Successful I-485 Despite Erroneous Presumption of Fraud

Successful I-485 Despite Erroneous Presumption of Fraud

  • Applicant: Ms. Maria Rosales
  • Nationality: Mexican
  • Case Type: I-485, Application to Register Permanent Residence or adjust status with potential denial for erroneous presumption of fraud
  • Processing Time: 2 years and 2 months
  • Challenges:
    1. USCIS believed Ms. Rosales had committed fraud which would permanently disqualify her from becoming a permanent resident of the U.S.
    2. Prior to coming to Tsang & Associates, Ms. Rosales had gone to multiple attorneys who all told her that her prior applications submitted would make it impossible for her to ever get her permanent residence (green-card).
    3. Her husband believed the advice of these attorneys and refused to financially or emotionally support his wife throughout the process.
    4. The accusations of fraud could have based on an incident that occurred in 1988 and on an application for her visa that were submitted by a legal representative from her country in 2000, which would make it difficult to prove her innocence.


It’s been said before, that big things come in small packages. A credit card, a wedding ring, a contract, a plane ticket, a word, a gesture, an e-mail, a letter of acceptance. Lives are often changed with the tiniest of pen strokes and the smallest of gestures. For Ms. Rosales, her life would forever be changed because of a singular stamp.

Ms. Rosales lived in California with her family. Her husband was a Lawful Permanent Resident and her children are all US citizens. Ms. Rosales, however, only had a ten-year tourist visa, which allowed her to travel between the U.S. and her home country of Mexico. She could not legally work with a tourist visa, so she focused her life on being a stay at home mom and taking care of her family, which Ms. Rosales was content with. The situation with her visa was not optimal, but she was willing to make sacrifices for her family. One day in 2010, Maria received one of life’s most dreaded phone calls; her father had passed away and the wake would be held the following morning. Ms. Rosales is first and foremost a family woman, so she did what any of us would do; she drove down to Mexico and spent time with her mother, her brothers, her sisters and her extended family. She mourned, she cried, she prayed, she supported her siblings and she spoke at his funeral. She was there in support when her family needed her most.

When it was time, Maria drove back to California to be with her children and her husband. When she went through customs, something strange happened — her customs officer was distracted. He scanned her passport and her visa but there was some commotion happening on the other side of the building. Officers were rushing across the office hurriedly shouting for others to follow. Ms. Rosales’ officer quickly handed the passport back to her with her visa and told her that she needed to leave immediately. Ms. Rosales didn’t think twice. She obeyed the officer and rushed out as she was instructed. She didn’t think much about it at all, but what she didn’t realize was that the officer neglected to stamp her passport. This small mistake would cause Ms. Rosales many problems when applying for her green-card.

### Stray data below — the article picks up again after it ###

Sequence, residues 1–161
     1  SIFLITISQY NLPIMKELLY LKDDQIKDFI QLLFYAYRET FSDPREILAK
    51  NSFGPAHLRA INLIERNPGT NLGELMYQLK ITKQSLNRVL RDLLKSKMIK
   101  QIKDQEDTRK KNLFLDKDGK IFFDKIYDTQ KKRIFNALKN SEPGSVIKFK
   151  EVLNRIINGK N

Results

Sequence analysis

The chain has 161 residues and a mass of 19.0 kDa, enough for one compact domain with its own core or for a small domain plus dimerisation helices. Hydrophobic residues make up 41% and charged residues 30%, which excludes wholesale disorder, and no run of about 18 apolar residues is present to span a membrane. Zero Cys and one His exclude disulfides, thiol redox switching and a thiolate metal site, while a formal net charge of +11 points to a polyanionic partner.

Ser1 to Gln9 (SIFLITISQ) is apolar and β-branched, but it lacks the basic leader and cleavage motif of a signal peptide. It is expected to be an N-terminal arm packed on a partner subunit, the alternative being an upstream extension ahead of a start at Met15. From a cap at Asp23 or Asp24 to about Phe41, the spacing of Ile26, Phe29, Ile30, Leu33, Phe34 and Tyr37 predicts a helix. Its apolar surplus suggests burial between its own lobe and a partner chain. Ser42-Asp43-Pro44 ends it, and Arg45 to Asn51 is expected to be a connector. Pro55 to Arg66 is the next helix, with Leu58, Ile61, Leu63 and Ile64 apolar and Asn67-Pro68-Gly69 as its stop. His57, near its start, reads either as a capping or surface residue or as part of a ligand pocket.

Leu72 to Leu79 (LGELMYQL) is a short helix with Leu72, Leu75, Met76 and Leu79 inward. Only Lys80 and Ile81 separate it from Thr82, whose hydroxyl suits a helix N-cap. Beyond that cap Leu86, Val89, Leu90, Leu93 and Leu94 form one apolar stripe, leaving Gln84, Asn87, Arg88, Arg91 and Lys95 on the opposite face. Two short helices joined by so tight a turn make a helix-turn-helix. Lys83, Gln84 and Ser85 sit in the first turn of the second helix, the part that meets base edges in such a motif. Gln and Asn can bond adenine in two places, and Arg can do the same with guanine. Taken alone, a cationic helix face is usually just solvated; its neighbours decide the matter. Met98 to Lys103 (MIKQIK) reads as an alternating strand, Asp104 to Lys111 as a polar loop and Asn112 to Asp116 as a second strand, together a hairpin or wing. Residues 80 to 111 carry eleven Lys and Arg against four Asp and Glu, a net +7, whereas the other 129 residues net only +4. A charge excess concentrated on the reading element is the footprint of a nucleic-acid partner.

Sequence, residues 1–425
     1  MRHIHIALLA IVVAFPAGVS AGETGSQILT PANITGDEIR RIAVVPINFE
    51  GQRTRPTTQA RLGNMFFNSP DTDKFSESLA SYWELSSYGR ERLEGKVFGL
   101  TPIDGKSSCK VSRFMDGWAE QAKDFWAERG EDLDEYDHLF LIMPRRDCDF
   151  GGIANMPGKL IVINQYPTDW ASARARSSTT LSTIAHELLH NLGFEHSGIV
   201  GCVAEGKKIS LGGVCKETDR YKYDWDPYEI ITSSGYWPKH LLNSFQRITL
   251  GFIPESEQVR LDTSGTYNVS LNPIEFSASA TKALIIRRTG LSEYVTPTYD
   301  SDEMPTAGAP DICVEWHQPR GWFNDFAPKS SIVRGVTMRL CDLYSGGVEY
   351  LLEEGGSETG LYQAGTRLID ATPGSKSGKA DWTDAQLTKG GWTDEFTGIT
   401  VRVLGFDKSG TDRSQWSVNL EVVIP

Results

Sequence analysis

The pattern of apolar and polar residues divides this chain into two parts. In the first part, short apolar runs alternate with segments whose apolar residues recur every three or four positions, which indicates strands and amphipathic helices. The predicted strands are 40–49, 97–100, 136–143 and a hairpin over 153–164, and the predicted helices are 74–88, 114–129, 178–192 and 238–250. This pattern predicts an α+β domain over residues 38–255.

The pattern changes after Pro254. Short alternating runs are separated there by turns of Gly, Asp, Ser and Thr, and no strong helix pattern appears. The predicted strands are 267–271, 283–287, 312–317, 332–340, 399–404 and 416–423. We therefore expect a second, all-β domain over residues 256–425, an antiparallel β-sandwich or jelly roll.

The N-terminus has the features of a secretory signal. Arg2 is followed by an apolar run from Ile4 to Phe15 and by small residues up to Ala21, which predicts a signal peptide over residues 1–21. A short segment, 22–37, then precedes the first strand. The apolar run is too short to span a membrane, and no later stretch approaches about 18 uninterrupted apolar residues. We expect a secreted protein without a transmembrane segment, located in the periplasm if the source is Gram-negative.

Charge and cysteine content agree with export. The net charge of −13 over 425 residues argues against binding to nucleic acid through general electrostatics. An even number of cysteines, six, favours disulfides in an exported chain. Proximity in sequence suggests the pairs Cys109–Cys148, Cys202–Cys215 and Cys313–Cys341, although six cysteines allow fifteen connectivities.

Some years later, Ms. Rosales and her husband were pursuing green card applications and had hired an immigration lawyer. It was only after applying and being rejected that Ms. Rosales found out about the passport stamp. Her husband was approved for permanent residency, but Maria was not only rejected, but informed by her previous attorney that she could be accused of fraud on multiple accounts, which would mean she could never become a permanent resident. She asked the lawyer if she had any other option but he was not willing to take her case. Her previous attorney believed her case did not have any chance of being approved as the incident had taken place more than 30 years ago.


As previously mentioned, there were many reasons as to why Ms. Rosales could not obtain her permanent residence. Each of these factors could theoretically forbid Ms. Rosales from ever becoming a permanent resident, and could even lead to her deportation. It was during this moment of desperation that Ms. Rosales decided to contact Tsang & Associates

A fraud charge is extremely serious but our team was willing to do everything necessary to help Ms. Rosales. First, our team needed to show that in order to deny Ms. Rosales her permanent residence based on a suspicion of fraud, USCIS would need to prove that that the fraud was committed in order to gain a benefit, when in reality the accusations were only part of the larger problem that consisted of many errors, confusion, and negligence.

Our legal team prepared an attorney response of (8) pages along with more than 100 pages of supporting documents including sworn and notarized affidavits which explained in detail why Ms. Rosales had not committed any sort of fraud and why she qualified for permanent residence.  Furthermore, our team also included arguments to support the fact that in the case that her permanent residence application was denied, Ms. Rosales would otherwise qualify for a waiver based on the extreme hardship to her Lawful Permanent spouse and U.S. Citizen children.


After a lengthy and complicated two years, Ms. Rosales’ case was finally approved and she received her 10-year green-card. Our team of attorneys and staff decided to take on the case despite the fact that other offices turned her away.  Ms. Rosales can now focus on continuing to remain happily alongside her family and improve her quality of life.

*Name has been changed to protect client identity

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